Hypertension in insulin resistance states is generally attributed to hyperinsulinemia, with resulting increases in renal sodium retention and/or sympathetic nervous system activity. Hyperinsulinemia induces hypertension through increased renal tubular reabsorption of sodium and water, increased sympathetic nervous system activity, proliferation of vascular smooth muscle cells, and alterations of transmembrane cation transport. At physiological concentrations, insulin decreases urinary sodium excretion, an action mediated by binding to specific high-affinity receptors. [14] However, recent data suggest that cellular insulin resistance, rather than hyperinsulinemia per se, may lead to hypertension. [15] Recent observations suggest that impaired cellular response to insulin predisposes to increased vascular smooth muscle (VSM) tone (the hallmark of hypertension in the diabetic state). For example, recently reported studies from laboratory demonstrate that insulin in physiological doses attenuates the vascular contractile response to phenylephrine, serotonin, and potassium chloride. Thus, insulin appears to normally modulate (attenuate) VSM contractile responses to vasoactive factors, and insulin resistance should accordingly be associated with enhanced vascular reactivity. [15]

Abnormal VSM cell calcium [Ca 2 + l i homeostasis may be the nexus between insulin resistance and increased VSM tone. Insulin stimulates membrane Ca-ATPase, blocks Ca 2+ + currents, and Ca 2+ +-driven action potentials. Thus, an insulin-resistant state as exists in the Zucker rat may be associated with increased Ca 2+ + influx through voltage-dependent sarcolemma Ca 2+ + channels and/or decreased production or activation of the VSM cell Ca-ATPase pump. The resulting sustained rise in VSM [Ca 2+ +] i could then account, in part, for increased VSM tone characteristic of hypertension associated with non-insulin- dependent diabetes mellitus. [15]

The overabundance of oxidants is mechanistically connected with the multifactorial etiology of insulin resistance, primarily in skeletal muscle tissue, and the subsequentdevelopment of Type-2 diabetes. Two important mechanisms for this oxidant excess are 1) the mitochondrial overproduction of hydrogen peroxide and superoxide ion in conditions of energy surplus and 2) the enhanced activation of cellular nicotinamide adenine dinucleotide phosphate- oxidase oxidase via angiotensin II (AT1) receptors. Several recent studies are reviewed that support the concept that direct exposure of mammalian skeletal muscle to an oxidant stress (including hydrogen peroxide) results in stimulation of the serine kinase p38 mitogen-activated protein kinase (p38 MAPK), and that the engagement of this stress-activated p38 MAPK signaling is mechanistically associated with diminished insulin-dependent stimulation of insulin signaling elements and glucose transport activity. The beneficial interactions between the antioxidant α-lipoic acid and the advanced glycation end product inhibitor pyridoxamine to ameliorate oxidant stress-associated defects in whole-body and skeletal muscle insulin action in the obese Zucker rat, a model of pre-diabetes, are also addressed. It emphasizes the importance of oxidative stress in the development of insulin resistance in mammalian skeletal muscle tissue, at least in part via a p38 MAPK-dependent mechanism, and indicates that interventions that reduce this oxidative stress and oxidative damage can improve insulin action in insulin-resistant animal models. Strategies to prevent and ameliorate oxidative stress remain important in the overall treatment of insulin resistance and Type-2 diabetes. [16]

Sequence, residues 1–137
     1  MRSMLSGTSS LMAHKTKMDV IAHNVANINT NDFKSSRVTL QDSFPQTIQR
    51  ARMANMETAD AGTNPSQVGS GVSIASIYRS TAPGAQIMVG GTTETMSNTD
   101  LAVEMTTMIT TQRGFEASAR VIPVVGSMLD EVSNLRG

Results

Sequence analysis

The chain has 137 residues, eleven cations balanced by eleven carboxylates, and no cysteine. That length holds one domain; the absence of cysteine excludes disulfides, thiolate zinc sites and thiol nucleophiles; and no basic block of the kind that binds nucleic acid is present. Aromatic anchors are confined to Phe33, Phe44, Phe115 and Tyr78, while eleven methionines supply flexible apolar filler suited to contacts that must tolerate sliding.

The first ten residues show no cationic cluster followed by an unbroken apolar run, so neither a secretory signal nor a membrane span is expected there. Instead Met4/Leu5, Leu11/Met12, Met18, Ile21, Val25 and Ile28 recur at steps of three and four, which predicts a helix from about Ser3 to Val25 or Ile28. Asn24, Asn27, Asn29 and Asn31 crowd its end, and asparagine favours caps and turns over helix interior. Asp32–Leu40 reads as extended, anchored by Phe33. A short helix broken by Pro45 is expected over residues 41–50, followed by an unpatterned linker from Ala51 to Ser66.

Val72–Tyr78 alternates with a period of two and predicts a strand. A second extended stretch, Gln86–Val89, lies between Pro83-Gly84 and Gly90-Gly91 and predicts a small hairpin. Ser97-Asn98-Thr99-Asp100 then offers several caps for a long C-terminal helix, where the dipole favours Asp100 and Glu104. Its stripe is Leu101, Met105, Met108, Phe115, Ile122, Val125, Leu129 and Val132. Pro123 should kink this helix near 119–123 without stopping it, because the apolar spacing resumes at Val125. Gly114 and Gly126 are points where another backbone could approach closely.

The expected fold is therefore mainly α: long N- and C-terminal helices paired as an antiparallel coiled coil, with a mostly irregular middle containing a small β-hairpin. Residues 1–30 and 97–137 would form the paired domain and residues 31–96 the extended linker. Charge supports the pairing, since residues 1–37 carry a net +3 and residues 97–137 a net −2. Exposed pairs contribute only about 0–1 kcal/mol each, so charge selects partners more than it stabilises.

Hypertension often antedates and likely contributes to the development of nephropathy in many diabetic individuals. [17],[18] Diabetic nephropathy, which occurs after 15 years of diabetes in one-third of people with insulin dependent diabetes mellitus (Type-1 diabetes) and 20% of those with NIDDM, is an important contributing factor to the development of hypertension in the diabetic individual. [9] The high BP associated with diabetic nephropathy is usually characterized by sodium and fluid retention and increased peripheral vascular resistance. [10] Isolated systolic hypertension is considerably more common in diabetics, and supine hypertension with orthostatic hypotension is not uncommon in diabetic individuals with autonomic neuropathy. [9]

Although hypertension and diabetes mellitus are both independent risk factors for ischemic heart disease, insulin resistance, and hyperinsulinemia associated with hypertension and NIDDM also likely contribute to accelerated atherogenesis. [19],[20],[21]